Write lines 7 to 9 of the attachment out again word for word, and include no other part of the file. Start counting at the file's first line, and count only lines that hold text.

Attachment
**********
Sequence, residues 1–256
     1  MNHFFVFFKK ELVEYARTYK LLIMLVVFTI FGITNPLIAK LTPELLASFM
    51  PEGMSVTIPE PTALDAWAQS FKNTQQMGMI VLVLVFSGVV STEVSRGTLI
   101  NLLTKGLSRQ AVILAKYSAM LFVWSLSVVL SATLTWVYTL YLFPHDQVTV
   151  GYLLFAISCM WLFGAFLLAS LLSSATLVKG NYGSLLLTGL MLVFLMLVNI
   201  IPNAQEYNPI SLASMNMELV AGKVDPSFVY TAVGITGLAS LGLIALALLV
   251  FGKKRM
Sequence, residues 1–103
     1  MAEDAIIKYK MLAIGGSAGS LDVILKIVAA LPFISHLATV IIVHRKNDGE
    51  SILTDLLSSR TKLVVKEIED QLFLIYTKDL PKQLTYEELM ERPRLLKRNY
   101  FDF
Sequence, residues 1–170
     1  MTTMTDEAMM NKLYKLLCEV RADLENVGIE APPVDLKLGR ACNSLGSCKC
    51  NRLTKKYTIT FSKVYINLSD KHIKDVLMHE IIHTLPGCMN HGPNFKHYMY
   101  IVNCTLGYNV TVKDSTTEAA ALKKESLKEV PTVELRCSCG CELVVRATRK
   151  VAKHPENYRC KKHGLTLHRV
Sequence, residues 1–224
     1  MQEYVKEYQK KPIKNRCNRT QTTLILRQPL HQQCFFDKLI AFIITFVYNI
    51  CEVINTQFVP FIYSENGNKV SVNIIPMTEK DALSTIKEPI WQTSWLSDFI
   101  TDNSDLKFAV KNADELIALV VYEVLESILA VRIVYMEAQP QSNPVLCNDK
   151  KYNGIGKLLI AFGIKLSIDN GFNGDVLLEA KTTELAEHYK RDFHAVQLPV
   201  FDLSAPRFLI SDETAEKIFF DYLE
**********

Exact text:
   251  FGKKRM
Sequence, residues 1–103
     1  MAEDAIIKYK MLAIGGSAGS LDVILKIVAA LPFISHLATV IIVHRKNDGE